Educate on Seal and Expunge Process - Students Help Foster Youth Get Fresh Start

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Arrest records can prevent young people from getting their first jobs or qualifying for certification in certain fields.  Recently, Miami Law’s Children and Youth Law Clinic educated youth on sealing and expunging arrest records at the American Bar Association’s Homeless Youth Legal Network and Youth-to-Work Resource Fair.  The Fair, held at the Miami Bridge Youth and Family Services shelter for youth in crisis, was attended by homeless youth, as well as legal services and employment training providers, from all over the county.  

Yiselle Seiglie and Katie Duke

Clinic Fellows, Yiselle Seiglie and Katie Duke, and Paralegal Angela Galiano worked with the Miami-Dade State Attorney’s Office to explain to youth the process for sealing and expunging arrest records. "The youth were eager to learn about how they could clear their records, and they were excited at the chance to find better jobs and have a fresh start,” said 3L Seiglie.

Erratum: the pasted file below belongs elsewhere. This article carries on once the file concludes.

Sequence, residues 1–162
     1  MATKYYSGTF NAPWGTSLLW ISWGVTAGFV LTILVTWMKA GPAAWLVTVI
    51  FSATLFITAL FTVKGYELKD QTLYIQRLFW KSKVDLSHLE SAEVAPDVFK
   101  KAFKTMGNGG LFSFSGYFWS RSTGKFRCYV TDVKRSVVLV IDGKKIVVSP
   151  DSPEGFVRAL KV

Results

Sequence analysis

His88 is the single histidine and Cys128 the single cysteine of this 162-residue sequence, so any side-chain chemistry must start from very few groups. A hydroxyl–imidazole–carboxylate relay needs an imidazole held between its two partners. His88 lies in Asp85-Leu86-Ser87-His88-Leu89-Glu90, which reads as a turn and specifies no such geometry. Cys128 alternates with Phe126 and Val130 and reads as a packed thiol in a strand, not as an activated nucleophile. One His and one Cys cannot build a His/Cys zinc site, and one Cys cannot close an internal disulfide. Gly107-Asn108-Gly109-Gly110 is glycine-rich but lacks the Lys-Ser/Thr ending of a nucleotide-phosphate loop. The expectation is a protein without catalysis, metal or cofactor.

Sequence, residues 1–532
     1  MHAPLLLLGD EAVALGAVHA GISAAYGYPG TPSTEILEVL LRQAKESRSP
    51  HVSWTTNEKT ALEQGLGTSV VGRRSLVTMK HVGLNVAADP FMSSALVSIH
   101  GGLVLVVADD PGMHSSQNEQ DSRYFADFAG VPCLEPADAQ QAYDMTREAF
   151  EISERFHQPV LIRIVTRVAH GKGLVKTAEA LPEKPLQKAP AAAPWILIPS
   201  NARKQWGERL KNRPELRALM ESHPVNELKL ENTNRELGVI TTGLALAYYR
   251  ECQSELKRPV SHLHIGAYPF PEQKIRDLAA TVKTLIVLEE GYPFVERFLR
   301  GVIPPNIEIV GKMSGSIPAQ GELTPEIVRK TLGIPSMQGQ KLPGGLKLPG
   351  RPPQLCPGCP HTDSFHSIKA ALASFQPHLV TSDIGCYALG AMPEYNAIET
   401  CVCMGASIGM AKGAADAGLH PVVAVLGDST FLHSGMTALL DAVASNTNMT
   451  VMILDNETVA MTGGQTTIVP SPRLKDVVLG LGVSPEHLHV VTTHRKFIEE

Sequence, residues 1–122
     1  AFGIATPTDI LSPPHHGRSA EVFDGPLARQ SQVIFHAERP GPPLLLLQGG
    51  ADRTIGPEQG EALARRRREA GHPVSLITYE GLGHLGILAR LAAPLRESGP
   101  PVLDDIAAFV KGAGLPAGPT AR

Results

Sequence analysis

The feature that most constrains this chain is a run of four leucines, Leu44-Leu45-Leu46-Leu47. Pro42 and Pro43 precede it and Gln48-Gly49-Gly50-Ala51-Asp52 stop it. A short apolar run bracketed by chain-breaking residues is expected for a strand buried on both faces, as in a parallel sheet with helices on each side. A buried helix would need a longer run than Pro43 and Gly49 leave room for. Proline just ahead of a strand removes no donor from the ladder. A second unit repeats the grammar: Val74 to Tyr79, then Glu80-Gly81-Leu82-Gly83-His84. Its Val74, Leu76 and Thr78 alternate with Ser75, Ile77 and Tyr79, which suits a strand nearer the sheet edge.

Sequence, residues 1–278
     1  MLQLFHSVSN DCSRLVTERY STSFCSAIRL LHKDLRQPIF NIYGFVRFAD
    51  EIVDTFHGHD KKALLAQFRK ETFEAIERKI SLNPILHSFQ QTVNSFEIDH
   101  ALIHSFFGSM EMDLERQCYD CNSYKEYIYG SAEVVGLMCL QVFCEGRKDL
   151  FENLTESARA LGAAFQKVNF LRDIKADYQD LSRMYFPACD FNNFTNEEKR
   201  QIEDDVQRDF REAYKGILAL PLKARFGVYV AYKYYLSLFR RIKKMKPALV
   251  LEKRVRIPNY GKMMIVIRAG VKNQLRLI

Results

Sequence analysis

The Children & Youth Law Clinic provides a range of civil legal services to children in foster care and young adults who recently aged out of foster care. The Clinic assists its clients in navigating Florida’s complicated seal and expunge process.  An arrest record can be a major setback for a young person, just as they are trying to gain the job skills and education that could lead to sustainable employment.  

"Being able to take part in the fair was not only valuable to us, to expand our knowledge of the seal and expunge process, but it was also valuable to the youth and other organizations present, said 3L Duke. “We were able to educate them, as well as get them started right then and there with the process, so that they may be able to seek better employment and housing options.”

The clinic represents children in foster care and former foster youth in dependency, health care, mental health, disability, independent living, education, immigration and other general civil legal matters, ensuring that they have a voice in court proceedings.